DEAR MISS MATTERS:
I did a CLASS observation in a classroom where it was evident that the teacher and students enjoyed their time together, but I didn’t necessarily see many overt expressions of smiling and laughter. Are “grins and giggles” necessary for a high-range Positive Climate score?
It is important to remember that teachers are individuals with varying styles and demeanors. Their interactions don’t always have to be full of grins and giggles to be considered positive. This is especially important to keep in mind when using the CLASS measure to code older age levels, as the way that teachers relate to older students often differs dramatically from how they relate to younger children (and for good reason).
However, as CLASS observers, we do want to look for evidence that the teacher’s facial expressions, tone of voice, and body language show enjoyment and convey genuine interest and enthusiasm during interactions. A classroom high in Positive Climate is a warm and pleasant place where relationships between teachers and students and among students can thrive.
Calvary City Academy & Preschool closed on March 13, along with most programs in Florida. While closed, we had much to prepare for reopening. While children were home, we prepared packets to send home, met with children virtually, and even hosted things like field day, spirit week, and graduation virtually! Even with those successes, we were so happy to be able to return to being in-person when we reopened in June. Since June, we’ve learned a lot. Here’s what’s working for us:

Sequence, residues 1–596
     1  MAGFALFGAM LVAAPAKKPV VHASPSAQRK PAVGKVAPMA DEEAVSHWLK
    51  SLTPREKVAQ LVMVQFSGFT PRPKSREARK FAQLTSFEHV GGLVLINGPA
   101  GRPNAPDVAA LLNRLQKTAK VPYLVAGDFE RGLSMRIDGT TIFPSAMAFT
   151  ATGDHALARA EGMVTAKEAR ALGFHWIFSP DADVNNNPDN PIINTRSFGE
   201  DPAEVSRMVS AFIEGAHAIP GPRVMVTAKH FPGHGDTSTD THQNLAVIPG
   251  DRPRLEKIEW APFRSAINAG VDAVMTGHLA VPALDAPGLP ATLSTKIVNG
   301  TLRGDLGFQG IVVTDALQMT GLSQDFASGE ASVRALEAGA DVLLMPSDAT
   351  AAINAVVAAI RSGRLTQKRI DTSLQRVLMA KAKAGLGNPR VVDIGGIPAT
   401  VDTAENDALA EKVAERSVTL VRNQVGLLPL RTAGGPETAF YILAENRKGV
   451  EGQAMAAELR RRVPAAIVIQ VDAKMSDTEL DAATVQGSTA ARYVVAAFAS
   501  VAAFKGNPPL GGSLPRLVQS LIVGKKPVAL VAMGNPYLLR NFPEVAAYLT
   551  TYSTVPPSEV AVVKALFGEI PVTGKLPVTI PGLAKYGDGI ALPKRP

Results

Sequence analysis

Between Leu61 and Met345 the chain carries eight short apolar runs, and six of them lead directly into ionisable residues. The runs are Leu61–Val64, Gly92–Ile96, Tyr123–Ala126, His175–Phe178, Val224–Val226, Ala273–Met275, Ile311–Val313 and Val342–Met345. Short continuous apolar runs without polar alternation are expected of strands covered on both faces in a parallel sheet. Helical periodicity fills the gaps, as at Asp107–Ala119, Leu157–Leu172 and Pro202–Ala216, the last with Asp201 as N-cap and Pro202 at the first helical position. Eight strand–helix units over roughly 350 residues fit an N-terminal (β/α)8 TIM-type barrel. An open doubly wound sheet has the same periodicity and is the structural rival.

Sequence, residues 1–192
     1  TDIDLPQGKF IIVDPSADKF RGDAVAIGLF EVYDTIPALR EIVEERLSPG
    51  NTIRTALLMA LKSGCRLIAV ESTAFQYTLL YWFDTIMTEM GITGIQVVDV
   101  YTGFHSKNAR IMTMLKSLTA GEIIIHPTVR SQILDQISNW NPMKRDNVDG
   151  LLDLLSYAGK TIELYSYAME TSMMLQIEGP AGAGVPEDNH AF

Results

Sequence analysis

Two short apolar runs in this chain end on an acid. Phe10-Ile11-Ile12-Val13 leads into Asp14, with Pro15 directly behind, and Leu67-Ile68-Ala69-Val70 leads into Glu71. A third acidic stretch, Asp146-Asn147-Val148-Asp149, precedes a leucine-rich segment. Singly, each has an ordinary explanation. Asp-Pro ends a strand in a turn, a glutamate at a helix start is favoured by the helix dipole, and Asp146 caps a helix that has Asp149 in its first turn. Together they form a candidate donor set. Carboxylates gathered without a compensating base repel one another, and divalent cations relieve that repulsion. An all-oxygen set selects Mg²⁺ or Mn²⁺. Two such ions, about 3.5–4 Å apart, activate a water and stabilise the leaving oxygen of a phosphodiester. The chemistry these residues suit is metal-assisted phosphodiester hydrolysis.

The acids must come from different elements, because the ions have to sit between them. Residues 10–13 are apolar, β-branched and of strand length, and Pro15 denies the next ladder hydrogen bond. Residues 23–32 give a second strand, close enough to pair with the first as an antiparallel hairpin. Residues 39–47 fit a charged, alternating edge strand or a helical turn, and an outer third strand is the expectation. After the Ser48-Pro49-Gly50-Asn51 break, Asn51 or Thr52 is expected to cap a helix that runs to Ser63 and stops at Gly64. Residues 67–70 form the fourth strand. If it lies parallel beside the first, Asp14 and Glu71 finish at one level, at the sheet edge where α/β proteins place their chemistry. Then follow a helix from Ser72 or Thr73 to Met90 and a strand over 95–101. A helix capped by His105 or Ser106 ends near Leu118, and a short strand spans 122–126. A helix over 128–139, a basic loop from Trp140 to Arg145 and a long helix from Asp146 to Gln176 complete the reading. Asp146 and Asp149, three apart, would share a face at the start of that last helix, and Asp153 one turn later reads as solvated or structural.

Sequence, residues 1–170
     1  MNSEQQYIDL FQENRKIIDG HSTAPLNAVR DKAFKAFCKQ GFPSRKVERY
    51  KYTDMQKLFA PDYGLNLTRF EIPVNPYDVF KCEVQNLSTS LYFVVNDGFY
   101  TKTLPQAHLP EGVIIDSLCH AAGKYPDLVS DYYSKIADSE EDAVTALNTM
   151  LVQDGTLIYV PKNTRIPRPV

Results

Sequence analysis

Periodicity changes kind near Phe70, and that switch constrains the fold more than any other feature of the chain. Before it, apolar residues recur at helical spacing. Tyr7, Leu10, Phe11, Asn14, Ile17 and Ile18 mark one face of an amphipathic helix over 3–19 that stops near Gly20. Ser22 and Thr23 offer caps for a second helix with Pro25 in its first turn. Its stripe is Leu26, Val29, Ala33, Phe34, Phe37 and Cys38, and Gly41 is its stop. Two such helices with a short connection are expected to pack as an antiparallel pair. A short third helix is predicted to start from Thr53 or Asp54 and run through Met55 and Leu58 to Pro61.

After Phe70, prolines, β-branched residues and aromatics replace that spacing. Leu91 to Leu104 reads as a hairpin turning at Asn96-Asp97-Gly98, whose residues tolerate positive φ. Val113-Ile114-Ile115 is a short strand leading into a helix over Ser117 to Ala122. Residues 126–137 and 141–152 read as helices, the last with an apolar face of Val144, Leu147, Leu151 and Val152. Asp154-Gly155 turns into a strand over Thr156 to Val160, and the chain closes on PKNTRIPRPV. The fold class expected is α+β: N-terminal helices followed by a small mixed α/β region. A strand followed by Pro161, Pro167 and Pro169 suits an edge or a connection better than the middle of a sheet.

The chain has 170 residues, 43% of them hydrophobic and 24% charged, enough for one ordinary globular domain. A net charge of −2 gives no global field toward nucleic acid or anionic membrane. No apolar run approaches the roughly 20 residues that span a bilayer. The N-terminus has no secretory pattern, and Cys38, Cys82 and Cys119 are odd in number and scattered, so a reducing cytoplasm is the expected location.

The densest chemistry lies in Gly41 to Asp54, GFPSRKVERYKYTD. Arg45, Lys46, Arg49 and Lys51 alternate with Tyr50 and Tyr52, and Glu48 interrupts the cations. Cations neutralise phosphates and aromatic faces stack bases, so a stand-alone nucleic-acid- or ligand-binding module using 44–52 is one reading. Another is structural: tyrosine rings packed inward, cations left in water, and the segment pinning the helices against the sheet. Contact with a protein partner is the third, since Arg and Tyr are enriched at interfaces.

Across the country and around the globe, schools/programs will soon reopen after extended closures due to COVID-19. Those that have remained open are instituting new health and safety practices.. Localities will determine whether to provide in-person, online, or hybrid teaching. Regardless of the model that schools/programs adopt, classrooms will look different now and for the foreseeable future.
Across the nation, teachers learning about CLASS are asked to narrate their actions and sportscast their children’s experiences in order to support and encourage healthy language development. Hearing this, many teachers may wonder, “Will people think I’m crazy if I start talking to myself in the classroom?”
The answer is no. Self- and parallel talk are beneficial strategies for teachers to engage in because they strengthen language rich environments and enhance vocabulary development, all while supporting effective relationship building between teachers and children.